Kingfisher 444 Alfalfa has deep rich green foliage with that extra quality plus high yields. KF 444 will branch root when conditions are wet and works great in heavy wet soil conditions where root rot is a concern, this also aids in the tolerance of heavy wheel traffic at harvest. In addition to rot it has excellent pest resistance. This is a long rotation alfalfa with outstanding persistence this lengthens the production season into late fall harvest. KF 444 scored a good winter survival score of 1.5 from Univ. of WI/MN trials. KF 444 gives the producer a complete package for wide adaption.
- Branch-rooted variety for wetter and heavier clay soils
- Branch root resists heaving
- More traffic and stress tolerant
- Best disease resistance
- Exceptional winter hardiness
Kingfisher 444 is the forage base for many farms today. It is a legume that can fix most of its own nitrogen. Due to the pressures of the rotation schedule on many farms, Kingfisher 444 stands are only in production for three or four years before decreases in productivity are noticed. It is important to get all the yield possible in this short time and these high performing varieties are what we focus on.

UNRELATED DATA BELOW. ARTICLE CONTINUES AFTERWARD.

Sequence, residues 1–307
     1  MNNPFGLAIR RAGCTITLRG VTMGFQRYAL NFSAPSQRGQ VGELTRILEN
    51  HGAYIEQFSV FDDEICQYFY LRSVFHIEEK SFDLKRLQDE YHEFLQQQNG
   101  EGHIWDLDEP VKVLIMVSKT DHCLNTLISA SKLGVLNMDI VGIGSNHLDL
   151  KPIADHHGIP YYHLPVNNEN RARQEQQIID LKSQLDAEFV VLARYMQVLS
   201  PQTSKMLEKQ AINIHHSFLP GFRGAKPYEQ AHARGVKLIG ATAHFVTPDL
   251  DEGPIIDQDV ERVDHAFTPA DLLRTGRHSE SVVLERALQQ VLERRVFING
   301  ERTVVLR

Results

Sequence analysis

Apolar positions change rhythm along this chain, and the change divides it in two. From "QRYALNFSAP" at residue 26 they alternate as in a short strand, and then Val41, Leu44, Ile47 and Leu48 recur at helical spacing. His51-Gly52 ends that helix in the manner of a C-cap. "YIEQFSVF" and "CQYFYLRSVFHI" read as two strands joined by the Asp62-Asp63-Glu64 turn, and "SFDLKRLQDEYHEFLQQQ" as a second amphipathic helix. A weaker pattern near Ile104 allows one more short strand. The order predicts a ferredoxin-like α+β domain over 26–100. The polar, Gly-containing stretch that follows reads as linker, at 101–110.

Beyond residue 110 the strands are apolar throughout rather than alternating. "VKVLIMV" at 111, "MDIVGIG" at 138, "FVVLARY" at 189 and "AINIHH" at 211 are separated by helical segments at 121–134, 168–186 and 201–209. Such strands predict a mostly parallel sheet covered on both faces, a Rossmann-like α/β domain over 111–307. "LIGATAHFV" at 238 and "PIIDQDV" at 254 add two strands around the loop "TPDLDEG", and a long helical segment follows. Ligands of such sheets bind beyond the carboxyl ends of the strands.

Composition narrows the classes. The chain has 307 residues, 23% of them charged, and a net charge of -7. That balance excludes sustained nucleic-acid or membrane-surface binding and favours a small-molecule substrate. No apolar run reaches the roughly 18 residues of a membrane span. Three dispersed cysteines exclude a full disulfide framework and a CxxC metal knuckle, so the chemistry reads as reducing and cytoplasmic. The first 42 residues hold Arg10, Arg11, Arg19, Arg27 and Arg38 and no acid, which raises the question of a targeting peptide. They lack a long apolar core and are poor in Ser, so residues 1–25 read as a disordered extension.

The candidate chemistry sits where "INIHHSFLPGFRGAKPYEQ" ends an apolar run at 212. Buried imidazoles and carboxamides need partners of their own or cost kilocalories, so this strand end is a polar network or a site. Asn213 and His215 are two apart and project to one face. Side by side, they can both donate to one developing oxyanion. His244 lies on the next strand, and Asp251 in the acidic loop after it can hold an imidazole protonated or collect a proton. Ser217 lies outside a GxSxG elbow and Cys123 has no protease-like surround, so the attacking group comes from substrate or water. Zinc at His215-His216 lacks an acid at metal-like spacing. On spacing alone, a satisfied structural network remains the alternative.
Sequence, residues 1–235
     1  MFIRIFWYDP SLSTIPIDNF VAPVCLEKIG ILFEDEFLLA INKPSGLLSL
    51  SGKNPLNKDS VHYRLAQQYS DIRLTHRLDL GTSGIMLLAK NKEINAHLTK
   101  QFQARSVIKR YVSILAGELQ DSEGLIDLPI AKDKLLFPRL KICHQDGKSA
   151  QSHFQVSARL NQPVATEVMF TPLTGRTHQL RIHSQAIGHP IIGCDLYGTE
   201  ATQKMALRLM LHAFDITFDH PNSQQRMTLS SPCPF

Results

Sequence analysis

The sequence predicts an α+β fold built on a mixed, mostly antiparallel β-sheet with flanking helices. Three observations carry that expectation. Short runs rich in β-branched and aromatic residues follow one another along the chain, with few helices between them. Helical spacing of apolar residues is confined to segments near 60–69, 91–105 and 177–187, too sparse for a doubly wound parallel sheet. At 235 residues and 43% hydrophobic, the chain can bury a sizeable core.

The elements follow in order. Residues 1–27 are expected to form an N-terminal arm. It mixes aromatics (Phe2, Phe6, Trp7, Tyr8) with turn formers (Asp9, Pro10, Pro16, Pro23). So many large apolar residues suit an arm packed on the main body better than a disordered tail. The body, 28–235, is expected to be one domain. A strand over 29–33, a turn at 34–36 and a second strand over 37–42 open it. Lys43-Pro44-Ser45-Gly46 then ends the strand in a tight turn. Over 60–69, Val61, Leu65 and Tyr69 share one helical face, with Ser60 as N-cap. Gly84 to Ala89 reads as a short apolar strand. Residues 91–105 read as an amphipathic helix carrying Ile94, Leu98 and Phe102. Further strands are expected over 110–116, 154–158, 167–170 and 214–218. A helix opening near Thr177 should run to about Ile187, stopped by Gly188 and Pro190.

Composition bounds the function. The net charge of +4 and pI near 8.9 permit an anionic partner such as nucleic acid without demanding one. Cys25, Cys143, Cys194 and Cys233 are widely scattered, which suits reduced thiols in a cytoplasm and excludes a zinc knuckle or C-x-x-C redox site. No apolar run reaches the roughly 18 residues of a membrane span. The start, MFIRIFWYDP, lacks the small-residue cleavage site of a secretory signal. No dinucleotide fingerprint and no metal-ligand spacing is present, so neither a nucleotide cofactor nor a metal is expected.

Kingfisher 444 can be planted in the spring or late summer, but we recommend late summer whenever possible. Planting depth should be 0.25 to 0.50 inches with good soil contact. If spring sown, a nurse crop of grass or small grain is recommended to maximize the tonnage in the seeding year. We usually recommend seeding grass with Kingfisher 444 to give a higher tonnage and better quality feed for the life of the stand. Kingfisher 444 exhibits autotoxicity, which means established plants (older than 6 months) give off compounds that prevent new alfalfa seedlings from establishing.
Once established, Kingfisher 444 stand can last for many years. Many modern varieties can handle 28 day cutting schedules and in fact, some elite varieties need that type of management to perform their best. One very critical aspect of Kingfisher 444 management is knowing when to take the last cutting in the fall. By using Growing Degree Days (GDD) you can determine the best time to take the last fall cutting. An early fall cut can be taken as long as the plants can accumulate more than 500 GDD to replenish root reserves. A late fall cutting can be taken as long as no more than 200 GDD will accumulate before killing frost (25°F).
Tags: 444, Byron Seeds, KingFisher, KingFisher 444 Byron, Seeds